It was in 1953 when mountaineer Edmund Hillary became the first human to conquer Everest that I, as a boy, first began to feel the immense pride at belonging to a little nation that could beat the world if it set its mind to it.
I was too young to realise then that Kiwi-born Lord Rutherford was the first man to split the atom. But since, like so many of my countrymen, I have taken huge pride in the achievement of our sportsmen.
After Sir Ed’s feat there was a 1956 home rugby test series win against the Danie Craven-coached supermen Springboks, clinched by Peter Jones’ Eden Park try, and his immortal “I’m absolutely buggered” after match comment.
Then there was that golden hour at the 1960 Rome Olympics when Arthur Lydiard coached athletes Peter Snell and Murray Halberg to win gold in the 800m and 5000m respectively.
Since then there have been many more such moments to fuel New Zealanders with pride. Right up there amongst the best of them is Emirate Team New Zealand’s magnificent Bermuda triumph in beating Oracle to lift sailing’s Holy Grail, the America’s Cup.
Having come back from the pitch-pole capsize against Ben Ainslie and continuing to sail on damaged daggerboards, it has been an amazing success story for Kiwi innovativeness, design and sailing excellence.
With Russell Coutts and Peter Blake having won it in San Francisco in 1995 before losing it to Alinghi in 2003 when Coutts switched his allegiance, the Auld Mug has been dear to Kiwi hearts which were broken in San Fran four years ago when Jimmy ‘Pitbull’ Spithill’s Oracle crew snatched it from the jaws of defeat against Dean Barker.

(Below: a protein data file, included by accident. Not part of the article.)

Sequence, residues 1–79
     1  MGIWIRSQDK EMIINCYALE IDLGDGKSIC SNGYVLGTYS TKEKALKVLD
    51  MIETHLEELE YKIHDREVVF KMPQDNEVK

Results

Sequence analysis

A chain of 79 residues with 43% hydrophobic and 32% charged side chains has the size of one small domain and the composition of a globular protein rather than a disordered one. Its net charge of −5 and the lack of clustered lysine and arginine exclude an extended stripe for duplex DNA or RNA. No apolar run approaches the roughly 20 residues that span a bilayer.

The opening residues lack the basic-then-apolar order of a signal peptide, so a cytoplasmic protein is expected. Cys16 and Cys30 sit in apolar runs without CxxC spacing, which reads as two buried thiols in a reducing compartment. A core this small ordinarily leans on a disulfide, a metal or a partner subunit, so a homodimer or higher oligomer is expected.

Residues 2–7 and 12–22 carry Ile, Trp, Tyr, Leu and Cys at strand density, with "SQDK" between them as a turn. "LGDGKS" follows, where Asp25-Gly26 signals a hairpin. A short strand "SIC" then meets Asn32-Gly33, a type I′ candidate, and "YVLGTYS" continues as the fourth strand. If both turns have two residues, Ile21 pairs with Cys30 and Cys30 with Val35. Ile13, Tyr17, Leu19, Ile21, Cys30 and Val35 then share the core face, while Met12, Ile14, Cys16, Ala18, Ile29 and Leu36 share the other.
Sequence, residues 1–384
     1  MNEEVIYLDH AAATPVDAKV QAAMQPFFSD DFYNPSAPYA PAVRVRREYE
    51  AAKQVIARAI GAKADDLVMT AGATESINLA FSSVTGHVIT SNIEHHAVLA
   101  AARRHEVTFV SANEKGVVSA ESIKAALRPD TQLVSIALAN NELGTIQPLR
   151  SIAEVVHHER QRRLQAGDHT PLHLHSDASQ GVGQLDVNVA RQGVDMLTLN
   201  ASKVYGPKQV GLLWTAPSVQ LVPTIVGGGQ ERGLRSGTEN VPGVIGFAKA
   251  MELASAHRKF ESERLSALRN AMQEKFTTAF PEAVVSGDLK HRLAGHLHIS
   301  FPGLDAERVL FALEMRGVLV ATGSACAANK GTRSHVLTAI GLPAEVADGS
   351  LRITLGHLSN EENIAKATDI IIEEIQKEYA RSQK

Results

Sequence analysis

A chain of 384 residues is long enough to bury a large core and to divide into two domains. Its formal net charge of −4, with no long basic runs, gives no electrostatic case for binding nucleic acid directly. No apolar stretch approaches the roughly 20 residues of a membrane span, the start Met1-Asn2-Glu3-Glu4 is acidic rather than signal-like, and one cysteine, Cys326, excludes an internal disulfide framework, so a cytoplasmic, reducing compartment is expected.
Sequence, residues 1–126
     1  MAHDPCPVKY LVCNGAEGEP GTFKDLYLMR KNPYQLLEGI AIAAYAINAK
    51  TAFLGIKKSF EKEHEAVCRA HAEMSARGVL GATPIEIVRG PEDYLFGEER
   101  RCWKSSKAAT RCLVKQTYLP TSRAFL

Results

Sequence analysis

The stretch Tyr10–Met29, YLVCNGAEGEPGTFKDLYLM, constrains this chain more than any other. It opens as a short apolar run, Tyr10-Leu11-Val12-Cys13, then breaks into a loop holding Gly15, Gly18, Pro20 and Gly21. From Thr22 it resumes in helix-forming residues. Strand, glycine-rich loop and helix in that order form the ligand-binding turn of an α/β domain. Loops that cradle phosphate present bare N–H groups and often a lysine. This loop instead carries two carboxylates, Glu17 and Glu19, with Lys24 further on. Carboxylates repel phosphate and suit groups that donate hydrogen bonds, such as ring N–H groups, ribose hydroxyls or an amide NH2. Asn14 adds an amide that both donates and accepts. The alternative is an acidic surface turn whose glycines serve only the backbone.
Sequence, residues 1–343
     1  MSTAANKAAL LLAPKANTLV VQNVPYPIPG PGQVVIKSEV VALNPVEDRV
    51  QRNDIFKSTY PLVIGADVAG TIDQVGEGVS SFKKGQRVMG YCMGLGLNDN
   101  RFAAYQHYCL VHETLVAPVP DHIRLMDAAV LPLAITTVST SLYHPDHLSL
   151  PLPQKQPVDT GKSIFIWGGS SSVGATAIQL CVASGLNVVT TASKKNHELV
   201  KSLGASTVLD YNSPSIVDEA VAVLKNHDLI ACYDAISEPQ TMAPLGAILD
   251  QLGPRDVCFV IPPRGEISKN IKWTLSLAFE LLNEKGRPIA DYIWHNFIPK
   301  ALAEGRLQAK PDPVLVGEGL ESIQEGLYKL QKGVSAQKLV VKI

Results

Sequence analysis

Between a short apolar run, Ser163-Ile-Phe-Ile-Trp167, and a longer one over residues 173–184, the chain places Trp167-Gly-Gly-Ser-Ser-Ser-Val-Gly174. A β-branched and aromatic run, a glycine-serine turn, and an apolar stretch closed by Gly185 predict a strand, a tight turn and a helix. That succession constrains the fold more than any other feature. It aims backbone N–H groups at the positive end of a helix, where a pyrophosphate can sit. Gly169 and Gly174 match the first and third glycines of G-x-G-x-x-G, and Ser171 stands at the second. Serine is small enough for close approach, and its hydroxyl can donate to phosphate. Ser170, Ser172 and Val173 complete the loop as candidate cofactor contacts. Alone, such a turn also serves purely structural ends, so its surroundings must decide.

This time with 26-year-old Peter Burling at the helm and Glenn Ashby as skipper, Team New Zealand stormed home to an emphatic 7-1 victory, not only for the sailors and designers (who introduced the cycling concept), but for a shore crew that achieved wonders in keeping the boat afloat.
While Burling and good mate Blair Tuke are Olympic and world champions in fleet racing, they are relative novices in match racing. Yet the remarkable Burling proved a quick learner, especially in mastering the starts.
Congratulations to Aussie battler Spithill, whom Coutts once described as reminding him so much of himself. A fierce competitor who uses his mouth the same way Muhammad Ali did to gain a psychological advantage, he proved gracious in defeat.
Now it remains for the All Blacks to clinch a series win against the British and Irish Lions in Wellington on Saturday night following their 30-15 Eden Park triumph.
Having squared their games against the Super Rugby teams with wins against the Crusaders and Chiefs, losses to the Blues and Highlanders and a draw against the Hurricanes, the Lions are hungry for success.
But with Ngani Laumape and Jordie Barrett in such brilliant form for the Hurricanes after failing to make the All Blacks’ first test team, the Lions can only marvel at the depth of talent they have had to face.
Yet as Sean O’Brien’s first test try showed in capitalising on the brilliance of Liam Williams and Jonathan Davies, they are better than their critics claim. But, we hope, still not good enough to topple the men in black.